I am not a fan of the vogue term emotional affair as a blanket classification for cozy mixed-gender relations. In my view all deep friendships -- between men, between women, between men and women -- are emotional affairs. We seek out people who stimulate our whole beings, and even if there is sexual chemistry, it doesn't mean the sexual act will follow. When selected wisely, trusty male pals are so precious that only a fool would ruin things by taking one to bed.
These friendships need not be decades old. I have a new best boyfriend a mere driveway away. I'm going over there now -- at Chuck's suggestion.
It's 6:45 p.m. and I've just arrived home from teaching my college journalism class. My husband sits like a petrified rock, transfixed by a clump of hockey players beating each other up on TV. Breathless, I tell him the exciting news that I may take my class to Vietnam.
He remains immobile and asks gently, "Can this wait?"
I respond not so gently. "No, it can't wait. I am not going to a Vietnamese restaurant in Washington, D.C. I may be going to Ho Chi Minh City!"
In his low, slow voice, Chuck replies, "If the Caps lose this game, the season is over. Why don't you go see Derrin?"
Derrin is our next-door neighbor, and since he moved in 16 months ago my marriage has never been better. Derrin is curious and extroverted, a divorced man of 60 with a gorgeous smile and a sweet, well-trained Portuguese water dog named Max. When my husband and sons give me the silent treatment, I look out my kitchen window into the kitchen next door and pray that I spot Derrin. When I do, I wave, call him, and invite myself over.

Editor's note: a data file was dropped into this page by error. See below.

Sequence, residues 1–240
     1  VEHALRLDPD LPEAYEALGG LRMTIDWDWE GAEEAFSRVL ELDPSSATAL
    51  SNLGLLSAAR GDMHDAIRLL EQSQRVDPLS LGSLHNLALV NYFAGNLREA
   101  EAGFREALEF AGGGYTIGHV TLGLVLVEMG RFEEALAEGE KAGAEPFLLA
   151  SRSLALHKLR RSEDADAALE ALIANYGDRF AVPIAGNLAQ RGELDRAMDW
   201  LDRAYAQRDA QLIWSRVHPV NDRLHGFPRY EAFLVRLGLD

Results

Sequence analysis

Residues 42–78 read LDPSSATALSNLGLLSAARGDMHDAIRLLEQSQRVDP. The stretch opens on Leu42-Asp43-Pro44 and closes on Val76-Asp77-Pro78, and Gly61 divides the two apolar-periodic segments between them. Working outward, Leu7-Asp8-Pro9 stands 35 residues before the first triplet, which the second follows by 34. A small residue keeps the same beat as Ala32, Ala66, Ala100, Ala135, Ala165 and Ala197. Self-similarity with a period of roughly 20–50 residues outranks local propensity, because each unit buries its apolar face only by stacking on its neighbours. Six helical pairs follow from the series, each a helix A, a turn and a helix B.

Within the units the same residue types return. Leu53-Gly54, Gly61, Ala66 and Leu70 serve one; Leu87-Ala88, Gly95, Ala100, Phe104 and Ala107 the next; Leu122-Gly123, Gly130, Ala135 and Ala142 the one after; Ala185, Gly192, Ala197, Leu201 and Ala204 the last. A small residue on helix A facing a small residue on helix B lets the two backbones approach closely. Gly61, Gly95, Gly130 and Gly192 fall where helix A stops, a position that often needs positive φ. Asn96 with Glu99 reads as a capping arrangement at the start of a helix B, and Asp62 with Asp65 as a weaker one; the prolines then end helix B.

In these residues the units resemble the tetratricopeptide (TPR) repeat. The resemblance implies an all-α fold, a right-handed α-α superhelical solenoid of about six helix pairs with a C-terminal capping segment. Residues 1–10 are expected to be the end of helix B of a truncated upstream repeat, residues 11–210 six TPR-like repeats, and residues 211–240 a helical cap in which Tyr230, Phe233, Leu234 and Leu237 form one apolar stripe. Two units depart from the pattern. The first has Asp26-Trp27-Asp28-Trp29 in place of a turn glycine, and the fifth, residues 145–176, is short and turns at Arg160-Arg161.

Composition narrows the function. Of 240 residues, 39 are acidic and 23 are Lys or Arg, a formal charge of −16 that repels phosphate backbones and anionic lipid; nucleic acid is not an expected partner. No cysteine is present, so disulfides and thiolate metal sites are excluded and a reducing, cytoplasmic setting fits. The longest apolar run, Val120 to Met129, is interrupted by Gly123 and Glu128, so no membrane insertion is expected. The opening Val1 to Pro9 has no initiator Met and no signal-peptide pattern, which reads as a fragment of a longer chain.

So here I am now, practically sprinting through Derrin's door as he pours me a glass of cabernet and stirs his homemade mushroom soup, a house specialty laden with sherry and leeks. Derrin is a master chef who follows intricate recipes from grease-spattered cookbooks. He is also the rare opponent who can beat me at Scrabble.
Perched on bar stools, Derrin and I eat, drink, and talk about Vietnam, a place that fascinates him. I feel so lucky that I live right next door to a man who piques my intellect and my palate and who is always eager to listen to my stories and share his thoughts. Of course, this kind of friendship between a man and a woman can work only if it is openly celebrated and not hidden for fear of triggering spousal ire -- and only if it is used for renewal and not as a substitute for a loving marriage. You're in the danger zone when you become overly dependent on someone you're not married to.